In the Vedānta-sūtra (3.2.26) this is also described in the following words: prakāśaś ca karmaṇy abhyāsāt. “Devotional service is so potent that simply by engaging in the activities of devotional service one becomes enlightened without a doubt.” A practical example of this can be seen in the previous life of Nārada, who in that life happened to be the son of a maidservant. He had no education, nor was he born into a high family. But when his mother was engaged in serving great devotees, Nārada also became engaged, and sometimes, in the absence of his mother, he would serve the great devotees himself. Nārada personally says,
ucchiṣṭa-lepān anumodito dvijaiḥ
sakṛt sma bhuñje tad-apāsta-kilbiṣaḥ
evaṁ pravṛttasya viśuddha-cetasas
tad-dharma evātma-ruciḥ prajāyate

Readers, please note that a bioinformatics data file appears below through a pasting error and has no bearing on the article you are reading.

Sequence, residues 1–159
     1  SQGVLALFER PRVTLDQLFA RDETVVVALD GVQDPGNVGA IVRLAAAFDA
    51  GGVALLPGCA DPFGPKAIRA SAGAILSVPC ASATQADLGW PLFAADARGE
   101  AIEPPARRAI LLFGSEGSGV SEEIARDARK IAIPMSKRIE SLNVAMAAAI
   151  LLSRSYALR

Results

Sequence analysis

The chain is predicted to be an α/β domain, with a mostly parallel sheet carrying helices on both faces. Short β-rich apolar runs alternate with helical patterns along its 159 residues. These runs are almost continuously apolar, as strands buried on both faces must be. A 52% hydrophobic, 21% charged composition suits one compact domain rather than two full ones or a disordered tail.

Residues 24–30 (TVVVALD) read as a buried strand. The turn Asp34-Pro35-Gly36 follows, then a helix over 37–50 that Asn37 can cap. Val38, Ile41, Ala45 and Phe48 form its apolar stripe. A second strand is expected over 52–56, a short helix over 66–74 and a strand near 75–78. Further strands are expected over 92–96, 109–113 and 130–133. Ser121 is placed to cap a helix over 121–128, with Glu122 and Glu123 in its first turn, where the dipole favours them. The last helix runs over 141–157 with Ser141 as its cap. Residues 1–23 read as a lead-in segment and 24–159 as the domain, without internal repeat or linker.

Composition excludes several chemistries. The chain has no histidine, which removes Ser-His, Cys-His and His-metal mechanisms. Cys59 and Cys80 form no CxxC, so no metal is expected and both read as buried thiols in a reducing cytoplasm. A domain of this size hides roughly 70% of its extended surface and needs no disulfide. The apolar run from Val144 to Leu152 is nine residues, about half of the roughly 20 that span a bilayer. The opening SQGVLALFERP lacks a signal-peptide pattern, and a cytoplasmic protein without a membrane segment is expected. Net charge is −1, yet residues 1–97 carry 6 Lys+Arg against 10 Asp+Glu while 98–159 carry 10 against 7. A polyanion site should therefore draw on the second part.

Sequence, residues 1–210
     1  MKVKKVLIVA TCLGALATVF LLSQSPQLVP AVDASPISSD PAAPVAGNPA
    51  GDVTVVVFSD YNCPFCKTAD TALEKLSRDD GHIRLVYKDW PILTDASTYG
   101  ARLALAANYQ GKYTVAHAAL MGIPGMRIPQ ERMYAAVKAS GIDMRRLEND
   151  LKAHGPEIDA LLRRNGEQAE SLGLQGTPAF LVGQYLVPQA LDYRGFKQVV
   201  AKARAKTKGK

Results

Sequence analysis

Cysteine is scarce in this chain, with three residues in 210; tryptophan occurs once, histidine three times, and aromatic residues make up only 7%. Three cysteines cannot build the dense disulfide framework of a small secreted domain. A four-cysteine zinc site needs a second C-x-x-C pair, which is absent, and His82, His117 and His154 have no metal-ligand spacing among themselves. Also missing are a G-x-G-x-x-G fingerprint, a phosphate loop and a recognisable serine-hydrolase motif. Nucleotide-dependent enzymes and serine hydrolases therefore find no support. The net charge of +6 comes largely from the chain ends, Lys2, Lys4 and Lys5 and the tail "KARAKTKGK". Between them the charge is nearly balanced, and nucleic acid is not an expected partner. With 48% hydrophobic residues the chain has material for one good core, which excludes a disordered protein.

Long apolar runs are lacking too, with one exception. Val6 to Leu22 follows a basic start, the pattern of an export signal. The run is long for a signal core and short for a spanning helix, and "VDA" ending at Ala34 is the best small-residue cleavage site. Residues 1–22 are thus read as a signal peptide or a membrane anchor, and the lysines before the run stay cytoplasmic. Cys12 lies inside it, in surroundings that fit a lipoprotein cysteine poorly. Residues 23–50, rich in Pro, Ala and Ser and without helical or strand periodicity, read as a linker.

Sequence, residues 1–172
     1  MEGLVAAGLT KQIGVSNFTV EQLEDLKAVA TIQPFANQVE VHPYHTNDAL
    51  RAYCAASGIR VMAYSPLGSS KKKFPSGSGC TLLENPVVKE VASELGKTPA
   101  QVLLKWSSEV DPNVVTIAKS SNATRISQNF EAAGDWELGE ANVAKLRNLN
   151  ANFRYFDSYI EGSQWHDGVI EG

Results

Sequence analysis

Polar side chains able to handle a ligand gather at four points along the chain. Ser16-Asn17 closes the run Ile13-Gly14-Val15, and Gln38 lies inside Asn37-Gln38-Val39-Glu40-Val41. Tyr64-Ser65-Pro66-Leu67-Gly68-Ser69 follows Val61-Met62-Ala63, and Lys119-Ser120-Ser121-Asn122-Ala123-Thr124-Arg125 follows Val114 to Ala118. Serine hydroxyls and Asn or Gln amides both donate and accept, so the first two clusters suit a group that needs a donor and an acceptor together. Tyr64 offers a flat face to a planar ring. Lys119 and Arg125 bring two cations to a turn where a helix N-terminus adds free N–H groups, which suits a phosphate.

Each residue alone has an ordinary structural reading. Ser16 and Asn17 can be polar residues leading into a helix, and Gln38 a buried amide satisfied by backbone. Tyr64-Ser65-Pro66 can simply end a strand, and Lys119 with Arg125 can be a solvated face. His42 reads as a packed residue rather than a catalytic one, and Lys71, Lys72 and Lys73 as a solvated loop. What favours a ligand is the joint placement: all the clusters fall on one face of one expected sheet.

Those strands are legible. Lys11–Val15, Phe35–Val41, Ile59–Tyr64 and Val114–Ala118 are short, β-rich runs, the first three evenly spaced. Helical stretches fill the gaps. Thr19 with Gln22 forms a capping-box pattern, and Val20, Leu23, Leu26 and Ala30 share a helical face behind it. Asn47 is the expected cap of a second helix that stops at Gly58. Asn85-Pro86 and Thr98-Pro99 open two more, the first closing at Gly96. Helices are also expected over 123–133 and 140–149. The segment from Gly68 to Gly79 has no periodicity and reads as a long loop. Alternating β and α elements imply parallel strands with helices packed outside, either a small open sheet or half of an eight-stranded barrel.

In this verse from Śrīmad-Bhāgavatam (1.5.25) Nārada describes his previous life to his disciple Vyāsadeva. He says that while engaged as a boy servant for those purified devotees during the four months of their stay, he was intimately associating with them. Sometimes those sages left remnants of food on their dishes, and the boy, who would wash their dishes, wanted to taste the remnants. So he asked the great devotees for their permission, and when they gave it Nārada ate those remnants and consequently became freed from all sinful reactions. As he went on eating, he gradually became as pure-hearted as the sages. The great devotees relished the taste of unceasing devotional service to the Lord by hearing and chanting, and Nārada gradually developed the same taste. Nārada says further,
tatrānv-ahaṁ kṛṣṇa-kathāḥ pragāyatām
tāḥ śraddhayā me ’nu-padaṁ viśṛṇvataḥ
priyaśravasy aṅga mamābhavad ruciḥ
By associating with the sages, Nārada got the taste for hearing and chanting the glories of the Lord, and he developed a great desire for devotional service. Therefore, as described in the Vedānta-sūtra, prakāśaś ca karmaṇy abhyāsāt: if one is engaged simply in the acts of devotional service, everything is revealed to him automatically, and he can understand. This is called pratyakṣa, directly perceived.